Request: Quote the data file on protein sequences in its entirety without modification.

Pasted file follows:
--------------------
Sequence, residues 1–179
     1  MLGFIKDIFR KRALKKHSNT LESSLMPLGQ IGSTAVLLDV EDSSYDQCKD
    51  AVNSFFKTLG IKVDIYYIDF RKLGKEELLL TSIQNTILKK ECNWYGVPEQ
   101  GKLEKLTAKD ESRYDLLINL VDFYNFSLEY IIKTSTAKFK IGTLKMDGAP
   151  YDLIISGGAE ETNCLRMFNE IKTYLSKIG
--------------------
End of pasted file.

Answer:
Sequence, residues 1–179
     1  MLGFIKDIFR KRALKKHSNT LESSLMPLGQ IGSTAVLLDV EDSSYDQCKD
    51  AVNSFFKTLG IKVDIYYIDF RKLGKEELLL TSIQNTILKK ECNWYGVPEQ
   101  GKLEKLTAKD ESRYDLLINL VDFYNFSLEY IIKTSTAKFK IGTLKMDGAP
   151  YDLIISGGAE ETNCLRMFNE IKTYLSKIG